Melody, directed by Bernard Bellefroid of Belgium, earned a special commendation from the Ecumenical Jury “for its direction, dialogue and acting.” Lensed in Liege and in rural Devon, the film “explores the different aspects of motherhood and affirms strongly the importance of bonding and maternal commitment.” Melody, a hairdresser aged 28, has a driving ambition to own and operate her own beauty salon.
She finds a location in a somewhat rundown area of her home town, finds out ownership costs and even meets with an interior designer. She’s in desperate need of over forty thousand euros to realize her dream. Then she sees an online advertisement from a British lady named Emily desperate to become a mother but unable to have a natural child. Melody and Emily meet. The younger woman is impressed by Emily’s poise, kindness and business acumen. After some haggling over money Melody agrees to teh insemination of Emily’s fertilized ovaries and signs papers relinquishing maternal rights. A month later when Melody realizes that the procedure has worked she contacts Emily who insists that the younger woman stay at her large country home for the duration of the pregnancy. In the course of the pregnancy Melody has emotional swings, wants to renege on the promises she’s made, and to return to Belgium.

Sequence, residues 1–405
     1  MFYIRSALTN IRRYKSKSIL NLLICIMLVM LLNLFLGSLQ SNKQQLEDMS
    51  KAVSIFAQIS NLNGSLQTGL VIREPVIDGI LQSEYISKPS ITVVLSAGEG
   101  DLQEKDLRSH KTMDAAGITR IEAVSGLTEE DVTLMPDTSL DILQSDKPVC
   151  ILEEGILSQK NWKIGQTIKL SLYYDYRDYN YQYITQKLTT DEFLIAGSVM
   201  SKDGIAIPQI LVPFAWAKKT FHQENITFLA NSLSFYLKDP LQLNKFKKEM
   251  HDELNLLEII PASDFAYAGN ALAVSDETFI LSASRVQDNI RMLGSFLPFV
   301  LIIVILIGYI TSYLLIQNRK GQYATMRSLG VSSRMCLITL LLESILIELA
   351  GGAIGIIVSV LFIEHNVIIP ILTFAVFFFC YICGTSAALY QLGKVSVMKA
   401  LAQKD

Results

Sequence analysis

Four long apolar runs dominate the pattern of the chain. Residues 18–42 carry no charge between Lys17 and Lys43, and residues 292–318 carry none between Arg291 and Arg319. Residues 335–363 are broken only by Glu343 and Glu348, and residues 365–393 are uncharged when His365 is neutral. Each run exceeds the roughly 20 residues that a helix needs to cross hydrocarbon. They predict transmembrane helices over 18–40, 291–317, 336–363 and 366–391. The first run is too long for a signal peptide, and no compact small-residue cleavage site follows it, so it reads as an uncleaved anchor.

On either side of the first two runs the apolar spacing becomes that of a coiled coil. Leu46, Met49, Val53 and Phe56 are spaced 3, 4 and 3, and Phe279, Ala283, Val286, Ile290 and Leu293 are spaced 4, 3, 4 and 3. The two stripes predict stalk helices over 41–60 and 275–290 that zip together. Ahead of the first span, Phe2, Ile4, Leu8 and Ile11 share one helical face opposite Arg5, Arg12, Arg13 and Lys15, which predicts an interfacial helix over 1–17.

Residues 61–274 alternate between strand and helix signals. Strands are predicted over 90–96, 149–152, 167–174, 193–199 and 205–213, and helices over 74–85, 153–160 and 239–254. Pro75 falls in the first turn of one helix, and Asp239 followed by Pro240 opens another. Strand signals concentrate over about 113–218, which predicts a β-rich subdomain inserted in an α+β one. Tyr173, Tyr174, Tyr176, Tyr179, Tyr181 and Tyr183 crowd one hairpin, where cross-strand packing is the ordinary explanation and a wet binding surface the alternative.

Infuriated, Emily barricades the surrogate mother in a bedroom in her house. Later Emely relents but, feeling unwell, makes an urgent visit to her doctor. At loose ends, Melody searches a closet in the house and discovers that Emily had been pregnant some years earlier and that because of uterine cancer this pregnancy was terminated. Melody’s anger towards Emily melts. She decides to continue the pregnancy. Emily’s medical news isn’t good, her cancer has returned. She sees a lawyer and takes steps to adopt Melody. Festival Jury President Sergio Castellitto said “ It’s the unanimous decision of the Jury to award the Best Actor Award (Female) to Rachael Blake and Lucie Debay of the film Melody. They’re two extraordinary actress. Both contributed moving nuanced performances.”